The Last Case of Benedict Fox is a detective metroidvania inspired by noir movies, Greek tragedies, and jazz

The Last Case Of Benedict Fox
(Image credit: Rogue Games)

If there's anything I know about detectives from popular culture, it's that they all have their own particular hang-ups. For self-proclaimed detective Benedict Fox, the titular character of the upcoming metroidvania The Last Case of Benedict Fox, you could say it's his troubled past… or the demon he's bound to who helps him solve mysteries. During an ID@Xbox preview event, I get to see Fox in action with his demon companion during the second hour of developer Plot Twist's adventure. With a dark, atmospheric world, fantastical abilities, boss fights, and detective mechanics, it's easy to see from the get go how The Last Case of Benedict Fox draws from HP Lovecraft, but as creative director Bartek Lesiakowski explains, it has many different inspirations. 

"Apart from the most obvious one, which are all of the creations of HP Lovecraft, We actually are inspired by a bunch of things outside of Lovecraft. We try to draw inspiration from noir movies from the 40s and 50s, from Jazz music from the 1920s and from classical Greek tragedies. So we try to search everywhere for inspiration." 

Solving the case  

The Last Case of Benedict Fox

(Image credit: Rogue Games)

The blend of Metroidvania meets detective adventure is certainly an intriguing prospect, especially when it's set in an atmospheric world laden with mystery. Instead of your run of the mill detective work, Benedict Fox can instead "plunge" into the memories of deceased people with the help of his demon companion. This allows him to enter a place called The Limbo, which Lesiakowski says is "created through the memories and feelings of a particular person." 

With different abilities and items to use, we get to see how Benedict can interact with clues in a mansion, which serves as a home base area. After taking up a quest, the detective can then traverse to his own father's Limbo to explore his memories. There, he finds a broken broach which serves as a visage of Benedict's grandmother. Through conversation with the demon, we start to learn more about Benedict's family and backstory. As a Metroidvania, we also see how we have to solve puzzles to get past doors, or clear out strange enemy guards in order to reach a teleportation device. 

The Last Case of Benedict

(Image credit: Rogue Games)

From everything that was shown, you can see how the detective elements pair with the  Metroidvania style of the game, and finding a balance between the two is something Plot Twist is aiming for with The Last Case of Benedict Fox.

"It's a vital part of the game [the detective element] since Benedict Fox, the main protagonist, is a self-proclaimed detective," Lesiakowski says. "What we are essentially doing is solving a case and those two elements, Metroidvania and detective elements, intertwine in gameplay and story. It's very hard to distinguish them in our game because some of the Metroidvania locks look like classical puzzles and some of them are very story-driven and some of them are very detective heavy or case-driven."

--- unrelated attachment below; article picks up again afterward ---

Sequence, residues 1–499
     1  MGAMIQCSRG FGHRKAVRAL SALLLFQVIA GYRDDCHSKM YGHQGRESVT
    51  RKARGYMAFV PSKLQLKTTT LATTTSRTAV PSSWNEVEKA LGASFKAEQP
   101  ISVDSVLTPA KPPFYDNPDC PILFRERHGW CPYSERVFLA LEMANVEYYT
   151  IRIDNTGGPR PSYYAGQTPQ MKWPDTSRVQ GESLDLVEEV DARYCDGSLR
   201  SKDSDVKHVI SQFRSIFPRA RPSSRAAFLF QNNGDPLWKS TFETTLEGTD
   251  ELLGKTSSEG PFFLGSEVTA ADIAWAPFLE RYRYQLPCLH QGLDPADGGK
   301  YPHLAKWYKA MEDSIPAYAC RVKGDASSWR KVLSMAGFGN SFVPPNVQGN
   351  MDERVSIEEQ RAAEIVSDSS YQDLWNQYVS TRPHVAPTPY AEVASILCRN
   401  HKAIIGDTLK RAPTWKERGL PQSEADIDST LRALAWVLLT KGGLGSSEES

"We tried consciously to be very even when it comes to emphasizing different elements of the game," Lesiakowski adds. "So we want the player to be constantly experiencing something new in very small chunks. So you will have a bit of platforming, then a bit of combat, then a bit of story, then puzzles and so and so in constant loops so we could keep the game fresh all the time." 

With boss fights - both large and small - fantastical abilities to unlock, puzzle challenges, and plenty to uncover and solve, The Last Case of Benedict Fox already shows a lot of promise. As someone who's always found detective stories appealing, the unique Lovecraftian spin with a demon who helps you explore memories to solve mysteries has more than piqued my interest. Besides that, I can't wait to explore the game's twisted and beautiful world when it arrives in Spring 2023 on PC and Xbox Series X and Xbox Game Pass. 

"We always wanted to create something that is very dark in theme but told and shown in a very beautiful and colorful world," Lesiakowski says. "So we wanted to achieve this kind of contrast, because we think that where there is contrast there is friction and where there is friction there is something interesting to tell."

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Heather Wald
Senior staff writer

I started out writing for the games section of a student-run website as an undergrad, and continued to write about games in my free time during retail and temp jobs for a number of years. Eventually, I earned an MA in magazine journalism at Cardiff University, and soon after got my first official role in the industry as a content editor for Stuff magazine. After writing about all things tech and games-related, I then did a brief stint as a freelancer before I landed my role as a staff writer here at GamesRadar+. Now I get to write features, previews, and reviews, and when I'm not doing that, you can usually find me lost in any one of the Dragon Age or Mass Effect games, tucking into another delightful indie, or drinking far too much tea for my own good.